EnglishEdit

EtymologyEdit

From Latin puteus (well).

PronunciationEdit

NounEdit

puteal (plural puteals)

  1. (architecture) An enclosure around a well to prevent people from falling into it.

ReferencesEdit

1849-1850, John Weale, Rudimentary Dictionary of Terms used in Architecture, Building, and Engineering

AnagramsEdit


LatinEdit

EtymologyEdit

A nominalization of the neuter form puteāle of the adjective puteālis (well-related, pertaining to a well), with apocope of final e. Shortening of an originally long vowel before word-final /l/ is regular in words of more than one syllable. Equivalent to puteus (well) +‎ -al.

PronunciationEdit

NounEdit

puteal n (genitive puteālis); third declension

  1. a puteal (stone enclosure or curb around a well)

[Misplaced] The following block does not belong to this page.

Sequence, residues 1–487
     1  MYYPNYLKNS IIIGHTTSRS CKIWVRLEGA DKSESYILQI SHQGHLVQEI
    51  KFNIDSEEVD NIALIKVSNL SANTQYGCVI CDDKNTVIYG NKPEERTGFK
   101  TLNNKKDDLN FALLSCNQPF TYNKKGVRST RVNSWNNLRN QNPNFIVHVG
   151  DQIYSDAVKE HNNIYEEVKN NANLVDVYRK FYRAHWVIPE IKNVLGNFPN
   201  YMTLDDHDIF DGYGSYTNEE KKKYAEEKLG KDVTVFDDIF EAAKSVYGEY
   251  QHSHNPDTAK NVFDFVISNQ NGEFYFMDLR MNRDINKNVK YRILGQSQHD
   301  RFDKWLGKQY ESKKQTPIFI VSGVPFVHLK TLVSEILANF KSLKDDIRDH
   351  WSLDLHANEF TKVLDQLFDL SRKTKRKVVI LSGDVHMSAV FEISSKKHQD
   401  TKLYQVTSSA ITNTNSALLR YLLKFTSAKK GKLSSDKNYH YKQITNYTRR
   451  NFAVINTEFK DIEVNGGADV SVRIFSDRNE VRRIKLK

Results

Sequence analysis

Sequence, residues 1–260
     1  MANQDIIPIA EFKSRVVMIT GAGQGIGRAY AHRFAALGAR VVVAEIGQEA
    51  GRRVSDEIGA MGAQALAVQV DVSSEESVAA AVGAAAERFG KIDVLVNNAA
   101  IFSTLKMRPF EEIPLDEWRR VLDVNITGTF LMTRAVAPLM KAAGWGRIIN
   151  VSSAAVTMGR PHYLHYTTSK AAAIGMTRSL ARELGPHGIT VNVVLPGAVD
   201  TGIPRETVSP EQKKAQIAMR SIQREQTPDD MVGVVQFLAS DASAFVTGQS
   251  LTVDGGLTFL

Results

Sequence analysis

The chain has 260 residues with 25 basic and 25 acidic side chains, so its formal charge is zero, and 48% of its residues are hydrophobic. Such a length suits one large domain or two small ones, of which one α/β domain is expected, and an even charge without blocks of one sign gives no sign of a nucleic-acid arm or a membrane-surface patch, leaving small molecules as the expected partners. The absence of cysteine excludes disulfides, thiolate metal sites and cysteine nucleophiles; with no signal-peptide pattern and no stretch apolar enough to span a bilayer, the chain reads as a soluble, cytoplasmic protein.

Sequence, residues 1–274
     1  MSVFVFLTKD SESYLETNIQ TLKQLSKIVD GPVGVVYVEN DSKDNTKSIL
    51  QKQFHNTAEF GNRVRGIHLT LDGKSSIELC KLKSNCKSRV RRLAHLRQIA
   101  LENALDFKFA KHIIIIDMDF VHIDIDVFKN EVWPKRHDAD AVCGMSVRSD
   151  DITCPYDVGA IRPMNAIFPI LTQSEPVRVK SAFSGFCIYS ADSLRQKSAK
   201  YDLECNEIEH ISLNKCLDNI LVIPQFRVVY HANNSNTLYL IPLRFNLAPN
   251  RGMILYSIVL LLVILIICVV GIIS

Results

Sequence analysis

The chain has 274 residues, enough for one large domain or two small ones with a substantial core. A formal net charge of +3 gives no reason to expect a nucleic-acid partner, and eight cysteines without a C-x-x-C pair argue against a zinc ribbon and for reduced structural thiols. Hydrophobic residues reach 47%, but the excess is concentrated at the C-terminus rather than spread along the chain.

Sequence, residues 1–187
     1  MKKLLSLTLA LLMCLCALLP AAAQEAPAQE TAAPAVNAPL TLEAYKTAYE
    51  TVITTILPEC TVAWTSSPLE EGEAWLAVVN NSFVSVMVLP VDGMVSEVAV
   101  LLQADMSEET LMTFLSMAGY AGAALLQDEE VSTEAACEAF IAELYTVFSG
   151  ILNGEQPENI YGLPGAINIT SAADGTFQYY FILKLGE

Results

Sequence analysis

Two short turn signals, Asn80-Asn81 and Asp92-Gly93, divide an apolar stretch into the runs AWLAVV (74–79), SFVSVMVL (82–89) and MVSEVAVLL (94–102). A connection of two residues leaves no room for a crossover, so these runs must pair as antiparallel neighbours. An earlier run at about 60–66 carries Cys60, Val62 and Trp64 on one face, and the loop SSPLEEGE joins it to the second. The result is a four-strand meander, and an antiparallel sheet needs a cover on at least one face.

2. a structure of the same form marking a sacred site

DeclensionEdit

Third-declension noun (neuter, “pure” i-stem).

Case Singular Plural
Nominative puteal puteālia
Genitive puteālis puteālium
Dative puteālī puteālibus
Accusative puteal puteālia
Ablative puteālī puteālibus
Vocative puteal puteālia

See alsoEdit

ReferencesEdit

  • puteal”, in Charlton T. Lewis and Charles Short (1879) A Latin Dictionary, Oxford: Clarendon Press
  • puteal”, in Charlton T. Lewis (1891) An Elementary Latin Dictionary, New York: Harper & Brothers
  • puteal in Gaffiot, Félix (1934) Dictionnaire illustré latin-français, Hachette